Dementia and Football

Before Alan Shearer’s evocative dementia documentary aired on the BBC, worldwide studies had already begun to list brain damage as a devastating hazard of playing professional football.

When scientists at University College London (UCL) and Cardiff University discovered – through the post-mortems of six ex-players – all of them had suffered the same tearing to the brain membrane… the pressure on the football industry intensified.

Five of the players had played professionally their entire lives while one was a long-term amateur player, but dementia in their 60s was something they all had in common.

Chronic traumatic encephalopathy (CTE) – described by the NHS as ‘a type of dementia associated with repeated blows to the head and recurrent episodes of concussion’ – was also found in four of the six men.

It was the first time such brain damage had been confirmed in retired footballers.

Speaking to the Independent in February, Dr Helen Ling, from UCL’s Institute of Neurology, said: “Our findings of CTE in retired footballers suggest a potential link between playing football and the development of degenerative brain pathologies in later life.

“However, it’s important to note we only studied a small number of retired footballers with dementia and we still don’t know how common dementia is among footballers.”

Although the researchers acknowledged other factors could have contributed to their brain damage, the anecdotal evidence continues to flood in.

Since Dementia, Football and Me aired this month, it was reported that hundreds of distraught families of ex-players have contacted Jeff Astle’s daughter with their stories in the 15 years since his death.

Jeff, a former West Bromwich and England player, died young at 59-years-old, not remembering he was a legendary athlete.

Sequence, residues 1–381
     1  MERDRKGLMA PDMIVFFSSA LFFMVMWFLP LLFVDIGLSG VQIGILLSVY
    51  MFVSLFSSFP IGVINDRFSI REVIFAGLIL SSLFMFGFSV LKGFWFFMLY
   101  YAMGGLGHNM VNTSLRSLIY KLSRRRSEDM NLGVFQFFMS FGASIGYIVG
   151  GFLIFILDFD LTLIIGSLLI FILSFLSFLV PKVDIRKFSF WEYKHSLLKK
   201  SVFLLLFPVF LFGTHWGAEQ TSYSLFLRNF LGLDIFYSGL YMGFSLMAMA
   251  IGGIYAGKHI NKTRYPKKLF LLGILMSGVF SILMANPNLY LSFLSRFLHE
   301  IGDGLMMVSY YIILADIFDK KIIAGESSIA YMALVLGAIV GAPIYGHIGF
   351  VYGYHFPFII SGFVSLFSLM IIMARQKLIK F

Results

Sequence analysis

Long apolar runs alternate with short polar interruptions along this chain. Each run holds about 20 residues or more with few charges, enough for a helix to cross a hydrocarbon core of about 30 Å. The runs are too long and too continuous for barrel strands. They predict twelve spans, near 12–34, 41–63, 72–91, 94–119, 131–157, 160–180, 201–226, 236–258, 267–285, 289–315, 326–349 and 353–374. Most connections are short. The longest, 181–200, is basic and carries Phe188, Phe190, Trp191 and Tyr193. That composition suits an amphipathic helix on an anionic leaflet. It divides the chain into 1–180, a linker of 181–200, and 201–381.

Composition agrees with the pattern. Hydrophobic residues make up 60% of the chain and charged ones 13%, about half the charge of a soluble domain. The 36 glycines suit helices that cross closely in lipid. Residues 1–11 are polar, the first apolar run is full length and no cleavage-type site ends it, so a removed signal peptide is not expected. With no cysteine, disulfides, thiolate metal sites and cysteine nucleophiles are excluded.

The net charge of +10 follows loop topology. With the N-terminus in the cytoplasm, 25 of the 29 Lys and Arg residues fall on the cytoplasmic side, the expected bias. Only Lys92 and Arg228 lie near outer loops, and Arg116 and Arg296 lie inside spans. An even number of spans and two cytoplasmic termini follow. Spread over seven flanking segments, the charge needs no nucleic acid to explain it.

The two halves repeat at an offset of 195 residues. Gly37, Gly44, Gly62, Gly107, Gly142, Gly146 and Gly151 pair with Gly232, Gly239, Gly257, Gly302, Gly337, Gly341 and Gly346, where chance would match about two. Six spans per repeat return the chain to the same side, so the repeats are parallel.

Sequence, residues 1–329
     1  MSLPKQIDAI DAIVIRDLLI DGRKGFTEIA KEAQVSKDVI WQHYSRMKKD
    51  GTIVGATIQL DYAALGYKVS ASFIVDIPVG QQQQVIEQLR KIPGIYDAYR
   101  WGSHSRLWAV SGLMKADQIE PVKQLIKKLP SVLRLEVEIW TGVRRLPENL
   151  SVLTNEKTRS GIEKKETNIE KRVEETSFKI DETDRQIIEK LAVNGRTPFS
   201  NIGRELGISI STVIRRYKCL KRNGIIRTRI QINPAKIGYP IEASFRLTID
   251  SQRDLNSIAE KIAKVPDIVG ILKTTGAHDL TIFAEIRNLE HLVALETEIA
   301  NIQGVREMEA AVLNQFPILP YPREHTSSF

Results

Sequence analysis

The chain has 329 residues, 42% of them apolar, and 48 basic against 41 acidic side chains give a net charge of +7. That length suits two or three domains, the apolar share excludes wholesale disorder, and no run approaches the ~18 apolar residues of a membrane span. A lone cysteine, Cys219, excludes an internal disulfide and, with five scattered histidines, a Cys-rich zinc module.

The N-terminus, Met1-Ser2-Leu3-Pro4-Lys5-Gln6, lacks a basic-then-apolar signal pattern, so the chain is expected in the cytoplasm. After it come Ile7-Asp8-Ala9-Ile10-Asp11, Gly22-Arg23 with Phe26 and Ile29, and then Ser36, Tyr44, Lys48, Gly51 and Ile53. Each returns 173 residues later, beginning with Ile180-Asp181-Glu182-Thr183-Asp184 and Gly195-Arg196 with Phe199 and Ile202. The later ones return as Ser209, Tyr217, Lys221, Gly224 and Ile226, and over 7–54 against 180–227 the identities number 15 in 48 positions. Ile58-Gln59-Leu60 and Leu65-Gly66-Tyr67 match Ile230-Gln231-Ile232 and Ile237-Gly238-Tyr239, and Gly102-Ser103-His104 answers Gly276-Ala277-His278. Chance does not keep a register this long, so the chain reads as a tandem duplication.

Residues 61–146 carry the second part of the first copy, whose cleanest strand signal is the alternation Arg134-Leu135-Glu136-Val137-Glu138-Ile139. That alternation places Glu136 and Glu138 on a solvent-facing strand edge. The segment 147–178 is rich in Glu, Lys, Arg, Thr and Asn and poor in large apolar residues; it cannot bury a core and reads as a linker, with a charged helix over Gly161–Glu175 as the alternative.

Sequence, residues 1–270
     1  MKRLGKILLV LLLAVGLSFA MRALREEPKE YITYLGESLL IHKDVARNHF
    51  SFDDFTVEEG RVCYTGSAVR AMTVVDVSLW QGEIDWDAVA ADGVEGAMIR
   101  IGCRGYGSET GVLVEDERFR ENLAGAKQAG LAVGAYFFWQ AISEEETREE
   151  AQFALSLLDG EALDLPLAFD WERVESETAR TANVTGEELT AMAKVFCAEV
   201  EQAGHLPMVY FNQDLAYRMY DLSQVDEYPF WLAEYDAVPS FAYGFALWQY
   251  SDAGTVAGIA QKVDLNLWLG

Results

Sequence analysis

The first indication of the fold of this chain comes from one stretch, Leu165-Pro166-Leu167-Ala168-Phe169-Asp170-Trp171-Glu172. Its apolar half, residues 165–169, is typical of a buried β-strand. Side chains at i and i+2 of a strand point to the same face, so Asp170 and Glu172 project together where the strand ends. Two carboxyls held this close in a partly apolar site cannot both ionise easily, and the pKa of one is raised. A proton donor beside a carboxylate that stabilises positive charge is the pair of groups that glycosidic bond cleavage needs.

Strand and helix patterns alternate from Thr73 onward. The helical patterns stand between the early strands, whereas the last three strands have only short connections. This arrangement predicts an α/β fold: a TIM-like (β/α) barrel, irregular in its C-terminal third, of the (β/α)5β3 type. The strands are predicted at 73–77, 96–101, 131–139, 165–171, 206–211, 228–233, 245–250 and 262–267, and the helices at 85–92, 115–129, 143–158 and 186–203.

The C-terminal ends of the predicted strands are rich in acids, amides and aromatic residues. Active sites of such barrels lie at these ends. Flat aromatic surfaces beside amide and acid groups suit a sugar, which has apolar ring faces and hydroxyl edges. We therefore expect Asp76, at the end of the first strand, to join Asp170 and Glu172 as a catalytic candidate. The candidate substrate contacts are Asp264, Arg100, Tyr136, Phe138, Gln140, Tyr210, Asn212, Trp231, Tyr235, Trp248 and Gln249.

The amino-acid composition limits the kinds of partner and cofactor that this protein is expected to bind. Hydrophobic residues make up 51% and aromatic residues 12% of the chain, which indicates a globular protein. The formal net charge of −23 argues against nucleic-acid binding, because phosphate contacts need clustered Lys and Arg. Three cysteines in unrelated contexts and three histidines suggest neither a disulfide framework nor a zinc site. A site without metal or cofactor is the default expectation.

Despite a coroner having ruled that regularly heading heavy footballs was a significant contributor to his death, his family feel let down by both the Football Association and the Professional Footballers’ Association.

Comments like Ireland manager Roy Keane’s are a kick in the teeth for grieving families and those suffering after years of contact sports including rugby, boxing and martial arts.

Keane, notable Manchester United ex-manager, criticised the athlete’s concerns after Kevin Doyle retired from the game, blighted by persistent headaches.

Keane said: “If you’re worried about the physical side of any sport – and you’re wary of it – then play chess.

“It’s part of the game.”

To some extent, there is truth in his words.

Experts, including those from Alzheimer’s UK, are not calling for people to stop playing Britain’s most popular sport.

Instead they want to see: more rigorous research to aid prevention and understanding; for all head injuries, regardless of how minor, to be recorded on one’s medical records; and greater engagement with current and retired professional athletes.

News that the Drake Foundation, a not-for-profit organisation dedicated to scientific research into sports-related concussion, is ploughing a further £1million into studies, could not have come at a better time.

It might take decades until the final strokes are added to the painting, so to speak, but it is unlikely the noise will stop for now.